• (4/5)
    The paintings in the Hermitage were evacuated shortly before the Siege of Leningrad. Marina commits them to memory (her “Memory Palace”) to sustain her spirit over that three year period. This is how Dean brings these paintings to life for the reader. You will not want to read this book without summoning the actual paintings on your computer screen. They are really the whole point of the book.One might even say that the advertising term, Borrowed Interest, applies to Madonnas of Leningrad, so central are the paintings to the emotional appeal of the story. Through Marina's eyes, we see an introspective Madonna by Simone Martini, the almost adolescent wonderment of da Vinci's Benois Madonna, and the ripe forms and rippling surfaces of a Madonna by Crannach the Elder. Marina's memories form a sensual tour of the Hermitage's paintings. My advice – make a list of all the paintings in Marina's “Memory Palace.” Then go back and look up the actual paintings. It is in these moments that Marina will seem most real.The story drifts between World War II and the present-day, suggesting the mental drift Marina suffers due to progressing Alzheimer's Disease. It also points out the rich and private lives we live apart from our families – spouses, siblings, and even children. The parts of the book that soar are the dream-like memories. By night the blimps in the sky “swim like enormous white whales through a dark sea. She is swimming with the whales.” This lyricism contrasts with the horror and deprivation endured by the starving inhabitants of besieged Leningrad. Unfortunately, the present-day segments of the story, while poignant, feel flat compared to the richness of the “Memory Palace.” Read this book if you love art history.
  • (5/5)
    Seldom do I read a page turner like this novel, so beautifully written and artfully constructed.Marina is a young Russian woman who is a guide in the Hermitage when WWII and the advancing Nazis threaten. She and her fellow workers must bundle all the hundreds of art-filled rooms’ objects into cases to be shipped out of the city for safe-keeping, leaving the museum bare to serve as a bomb shelter to the workers and their families.In chapters that alternate between that past and Marina’s American present, in which she is deteriorating from advanced Alzheimer’s, we experience the beauty of the Hermitage through Marina’s interior reminiscences as she builds a memory palace of the exhibition rooms and peoples the now empty walls and frames with the paintings – so many of them various Madonnas -- and furnishings that have been whisked away. The chapters segue into each other, merging past and present, like halves of a peach brought together to make a whole fruit.By the end of the novel, Marina’s daughter, Helen, tries to discover this unknown woman who birthed her but kept her own past private by sketching her repeatedly as Marina’s mental and physical wanderings off decline into the abyss of total loss and death.But in life, Marina preserved the world’s beauty unhoused from the museum, was able to “show” it to a group of young cadets, and to the last, as an old woman in the US, again “show” it to a young construction worker who discovers her asleep in the fireplace of the mansion he’s building. Marina takes his arm, points in all the directions of this palace he is constructing and says, "Look!” as if showing him the beauty in the world from within the suggestion of the future "memory palace" under construction. In a way, Marina becomes a Madonna who is but one of myriad works of art that we all are in the museum of the world. One of the most masterful novels I’ve had the pleasure to read this year – complete and satisfying, far-roving and domestic, a total examination of life, art, suffering, perseverance, and love.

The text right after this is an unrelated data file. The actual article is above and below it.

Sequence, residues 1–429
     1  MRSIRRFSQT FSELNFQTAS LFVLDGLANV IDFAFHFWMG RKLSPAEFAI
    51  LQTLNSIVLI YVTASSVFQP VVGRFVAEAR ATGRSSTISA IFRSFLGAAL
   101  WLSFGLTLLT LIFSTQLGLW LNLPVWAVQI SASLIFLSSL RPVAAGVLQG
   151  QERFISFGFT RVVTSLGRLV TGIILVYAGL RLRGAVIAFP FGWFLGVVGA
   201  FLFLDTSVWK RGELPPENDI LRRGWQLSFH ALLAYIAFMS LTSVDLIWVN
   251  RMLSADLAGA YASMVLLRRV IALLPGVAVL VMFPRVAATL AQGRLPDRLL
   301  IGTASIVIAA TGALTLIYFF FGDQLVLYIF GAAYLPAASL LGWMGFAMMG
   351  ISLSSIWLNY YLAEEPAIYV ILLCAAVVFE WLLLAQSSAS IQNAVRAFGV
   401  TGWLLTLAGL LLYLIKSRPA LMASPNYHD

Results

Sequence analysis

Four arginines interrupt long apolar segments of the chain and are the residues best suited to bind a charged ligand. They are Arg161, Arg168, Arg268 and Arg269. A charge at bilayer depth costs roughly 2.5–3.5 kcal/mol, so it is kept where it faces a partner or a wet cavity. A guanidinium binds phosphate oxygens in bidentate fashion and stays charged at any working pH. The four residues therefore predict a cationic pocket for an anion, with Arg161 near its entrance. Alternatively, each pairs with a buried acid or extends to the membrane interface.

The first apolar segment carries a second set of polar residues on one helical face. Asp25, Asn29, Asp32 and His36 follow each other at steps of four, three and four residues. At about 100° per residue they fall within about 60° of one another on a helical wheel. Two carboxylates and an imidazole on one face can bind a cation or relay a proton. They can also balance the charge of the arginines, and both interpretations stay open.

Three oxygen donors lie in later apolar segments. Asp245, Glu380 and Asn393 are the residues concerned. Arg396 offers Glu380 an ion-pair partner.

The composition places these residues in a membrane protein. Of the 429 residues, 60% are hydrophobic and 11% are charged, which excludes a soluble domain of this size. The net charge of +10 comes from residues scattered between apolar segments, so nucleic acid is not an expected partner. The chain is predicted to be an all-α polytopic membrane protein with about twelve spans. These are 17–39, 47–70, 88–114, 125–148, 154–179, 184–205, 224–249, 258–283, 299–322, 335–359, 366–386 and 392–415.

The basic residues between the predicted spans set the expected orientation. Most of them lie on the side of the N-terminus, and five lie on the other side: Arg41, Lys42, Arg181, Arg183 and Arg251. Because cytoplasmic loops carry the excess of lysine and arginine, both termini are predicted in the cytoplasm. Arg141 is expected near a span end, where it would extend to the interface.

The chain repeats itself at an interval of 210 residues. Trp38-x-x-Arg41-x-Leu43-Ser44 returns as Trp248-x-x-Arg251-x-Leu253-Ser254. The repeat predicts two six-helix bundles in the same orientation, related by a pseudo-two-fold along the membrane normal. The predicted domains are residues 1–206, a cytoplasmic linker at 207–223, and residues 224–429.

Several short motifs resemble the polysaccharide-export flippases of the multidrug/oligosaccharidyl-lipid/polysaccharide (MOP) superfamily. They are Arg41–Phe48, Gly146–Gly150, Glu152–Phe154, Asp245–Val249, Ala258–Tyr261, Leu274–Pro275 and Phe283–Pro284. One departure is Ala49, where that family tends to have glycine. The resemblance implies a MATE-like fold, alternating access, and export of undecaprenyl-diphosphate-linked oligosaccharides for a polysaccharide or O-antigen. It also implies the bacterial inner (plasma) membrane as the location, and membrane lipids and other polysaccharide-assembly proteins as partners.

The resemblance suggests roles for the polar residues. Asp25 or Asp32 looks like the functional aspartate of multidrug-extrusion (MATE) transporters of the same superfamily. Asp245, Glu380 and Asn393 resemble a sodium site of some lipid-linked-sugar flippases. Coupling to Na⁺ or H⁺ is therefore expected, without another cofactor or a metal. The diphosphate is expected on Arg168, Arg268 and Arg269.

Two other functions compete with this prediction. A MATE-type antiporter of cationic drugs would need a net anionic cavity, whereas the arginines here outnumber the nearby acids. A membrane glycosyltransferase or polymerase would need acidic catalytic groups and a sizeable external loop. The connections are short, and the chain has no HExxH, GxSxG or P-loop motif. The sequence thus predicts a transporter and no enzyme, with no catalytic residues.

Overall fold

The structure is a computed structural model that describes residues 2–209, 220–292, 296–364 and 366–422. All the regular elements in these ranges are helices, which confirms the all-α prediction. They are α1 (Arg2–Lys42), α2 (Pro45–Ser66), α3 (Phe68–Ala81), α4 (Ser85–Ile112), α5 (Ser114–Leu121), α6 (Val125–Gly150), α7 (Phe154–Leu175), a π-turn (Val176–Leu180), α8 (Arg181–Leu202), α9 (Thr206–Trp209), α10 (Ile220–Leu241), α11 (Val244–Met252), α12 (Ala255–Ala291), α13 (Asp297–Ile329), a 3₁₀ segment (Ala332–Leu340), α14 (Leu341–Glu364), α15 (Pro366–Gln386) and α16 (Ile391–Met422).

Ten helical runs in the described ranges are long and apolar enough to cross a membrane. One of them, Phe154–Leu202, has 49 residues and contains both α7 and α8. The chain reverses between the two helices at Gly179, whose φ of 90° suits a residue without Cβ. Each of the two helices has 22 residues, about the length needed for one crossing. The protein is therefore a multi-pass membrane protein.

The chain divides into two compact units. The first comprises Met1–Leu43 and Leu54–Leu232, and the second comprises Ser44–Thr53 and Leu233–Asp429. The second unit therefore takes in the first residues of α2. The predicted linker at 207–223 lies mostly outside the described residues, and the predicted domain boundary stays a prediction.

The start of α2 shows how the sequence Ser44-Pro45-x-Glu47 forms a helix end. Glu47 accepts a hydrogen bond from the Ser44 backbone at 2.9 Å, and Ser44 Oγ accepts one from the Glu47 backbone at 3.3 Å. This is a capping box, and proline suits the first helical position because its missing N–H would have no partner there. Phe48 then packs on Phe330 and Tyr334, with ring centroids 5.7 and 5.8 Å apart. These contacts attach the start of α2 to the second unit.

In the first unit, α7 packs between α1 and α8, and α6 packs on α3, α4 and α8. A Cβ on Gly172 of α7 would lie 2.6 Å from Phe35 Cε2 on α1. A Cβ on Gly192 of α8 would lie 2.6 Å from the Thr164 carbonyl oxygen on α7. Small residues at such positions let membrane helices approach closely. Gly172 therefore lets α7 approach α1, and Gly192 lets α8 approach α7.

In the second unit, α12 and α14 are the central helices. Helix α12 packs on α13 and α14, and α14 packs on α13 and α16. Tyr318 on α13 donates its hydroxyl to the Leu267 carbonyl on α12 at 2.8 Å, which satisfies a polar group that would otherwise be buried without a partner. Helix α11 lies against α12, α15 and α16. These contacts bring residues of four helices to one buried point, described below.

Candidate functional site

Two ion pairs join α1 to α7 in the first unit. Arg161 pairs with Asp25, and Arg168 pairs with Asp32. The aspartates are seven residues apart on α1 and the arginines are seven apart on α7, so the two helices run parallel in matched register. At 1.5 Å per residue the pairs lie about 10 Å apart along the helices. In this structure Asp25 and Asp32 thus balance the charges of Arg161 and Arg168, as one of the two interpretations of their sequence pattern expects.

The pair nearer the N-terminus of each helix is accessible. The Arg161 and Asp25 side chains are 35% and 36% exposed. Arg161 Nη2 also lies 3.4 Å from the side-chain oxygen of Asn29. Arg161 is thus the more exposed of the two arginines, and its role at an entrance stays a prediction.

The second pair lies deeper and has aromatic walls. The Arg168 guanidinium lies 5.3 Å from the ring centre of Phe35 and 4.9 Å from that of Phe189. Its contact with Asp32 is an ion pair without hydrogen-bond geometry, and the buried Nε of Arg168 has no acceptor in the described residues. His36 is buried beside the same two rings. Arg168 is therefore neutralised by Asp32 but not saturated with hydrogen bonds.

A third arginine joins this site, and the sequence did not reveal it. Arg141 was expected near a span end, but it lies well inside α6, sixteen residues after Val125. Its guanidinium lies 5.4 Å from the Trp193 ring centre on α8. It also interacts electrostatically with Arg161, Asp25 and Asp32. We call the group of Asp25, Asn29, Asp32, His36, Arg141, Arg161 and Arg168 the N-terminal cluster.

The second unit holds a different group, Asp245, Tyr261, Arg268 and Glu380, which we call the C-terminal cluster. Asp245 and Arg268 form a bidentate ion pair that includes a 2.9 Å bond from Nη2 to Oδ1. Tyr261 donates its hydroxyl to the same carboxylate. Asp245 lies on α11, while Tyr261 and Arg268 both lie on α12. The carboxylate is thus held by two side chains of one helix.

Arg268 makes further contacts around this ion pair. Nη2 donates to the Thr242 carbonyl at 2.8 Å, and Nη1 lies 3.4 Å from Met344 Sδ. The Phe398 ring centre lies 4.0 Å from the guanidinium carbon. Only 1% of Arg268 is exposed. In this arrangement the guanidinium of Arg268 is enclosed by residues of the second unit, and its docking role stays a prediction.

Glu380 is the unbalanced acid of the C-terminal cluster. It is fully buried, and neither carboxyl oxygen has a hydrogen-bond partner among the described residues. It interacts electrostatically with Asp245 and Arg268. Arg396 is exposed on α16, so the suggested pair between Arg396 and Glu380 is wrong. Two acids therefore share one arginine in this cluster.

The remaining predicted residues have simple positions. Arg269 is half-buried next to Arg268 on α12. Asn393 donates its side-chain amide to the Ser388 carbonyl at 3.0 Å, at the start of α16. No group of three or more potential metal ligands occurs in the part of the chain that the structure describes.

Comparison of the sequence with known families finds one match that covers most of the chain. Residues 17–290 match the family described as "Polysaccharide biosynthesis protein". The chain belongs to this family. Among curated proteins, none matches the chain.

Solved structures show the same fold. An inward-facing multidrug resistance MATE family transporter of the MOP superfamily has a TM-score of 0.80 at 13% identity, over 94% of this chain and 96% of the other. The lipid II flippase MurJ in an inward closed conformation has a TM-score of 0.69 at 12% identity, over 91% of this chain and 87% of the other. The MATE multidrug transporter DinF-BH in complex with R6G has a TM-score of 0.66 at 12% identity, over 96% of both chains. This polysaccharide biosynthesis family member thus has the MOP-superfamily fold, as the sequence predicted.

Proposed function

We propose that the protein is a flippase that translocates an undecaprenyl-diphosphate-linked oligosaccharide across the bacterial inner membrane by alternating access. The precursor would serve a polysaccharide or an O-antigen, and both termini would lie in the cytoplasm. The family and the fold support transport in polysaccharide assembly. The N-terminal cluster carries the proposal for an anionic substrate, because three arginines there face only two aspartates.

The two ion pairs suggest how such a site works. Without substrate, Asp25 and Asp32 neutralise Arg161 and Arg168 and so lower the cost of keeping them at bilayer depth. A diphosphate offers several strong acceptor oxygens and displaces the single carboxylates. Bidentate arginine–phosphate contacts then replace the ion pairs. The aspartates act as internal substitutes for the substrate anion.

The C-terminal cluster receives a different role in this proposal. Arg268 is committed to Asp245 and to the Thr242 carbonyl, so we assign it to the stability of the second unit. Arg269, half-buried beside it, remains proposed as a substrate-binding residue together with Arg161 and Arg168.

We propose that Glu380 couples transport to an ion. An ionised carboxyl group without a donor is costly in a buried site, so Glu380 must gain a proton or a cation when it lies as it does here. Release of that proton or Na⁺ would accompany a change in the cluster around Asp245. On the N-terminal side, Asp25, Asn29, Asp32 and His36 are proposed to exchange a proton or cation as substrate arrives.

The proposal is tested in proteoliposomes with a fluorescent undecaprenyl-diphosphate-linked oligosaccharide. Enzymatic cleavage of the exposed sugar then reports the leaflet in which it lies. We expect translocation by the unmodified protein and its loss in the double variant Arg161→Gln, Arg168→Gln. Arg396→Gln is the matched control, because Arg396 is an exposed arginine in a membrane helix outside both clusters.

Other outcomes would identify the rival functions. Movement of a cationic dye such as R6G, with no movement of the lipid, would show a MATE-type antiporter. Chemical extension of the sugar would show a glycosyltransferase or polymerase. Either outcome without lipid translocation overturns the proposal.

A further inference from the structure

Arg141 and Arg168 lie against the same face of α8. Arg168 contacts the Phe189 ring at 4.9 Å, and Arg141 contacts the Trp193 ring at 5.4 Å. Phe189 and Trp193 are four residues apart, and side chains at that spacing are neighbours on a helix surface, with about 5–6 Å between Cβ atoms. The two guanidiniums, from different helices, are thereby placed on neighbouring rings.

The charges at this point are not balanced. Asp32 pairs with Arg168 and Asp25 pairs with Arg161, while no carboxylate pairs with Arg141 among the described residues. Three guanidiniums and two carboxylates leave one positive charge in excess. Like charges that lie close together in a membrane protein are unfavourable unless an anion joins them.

• (4/5)
    A haunting atmosphere inhabits this novel as an elderly woman with Alzheimer's remembers her youth in war-torn Leningrad. Marina was once a tour guide at the Hermitage Museum, where she worked surrounded by masterpieces of art, and on the eve of World War Two, she helped pack away these masterpieces for safekeeping. As the German army lay siege to Leningrad, the empty Hermitage became the home to Marina and her family, where they lived in the cellar, safe from bombs but not the shortages accompanied by war. Marina spends her time remembering the museum as it was before the war, memories that remain sixty years later, even as others are wiped away.
  • (5/5)
    A beautifully constructed tale of an elderly woman with Alzheimer's who remembers her past much more clearly than her present. Marina is attending a family wedding but she rarely recognizes her own daughter, much less the young couple of honor. Marina's present slips easily into the past, when she was a young woman during the siege of Leningrad, removing famous works of art in the Hermitage Museum from their frames for storage and protection from the ravages of war. She endeavors to remember them all, especially various depictions of the Madonna, as a way of enduring the incredibly harsh conditions of living in the museum's cellar. Dean weaves past and present brilliantly. Though numerous descriptions of pieces of art that may be unfamiliar to the reader can grow tiresome, the author's spare and delicate language perfectly captures Marina's youthful determination as well as the toll of Alzheimer's. Highly recommended.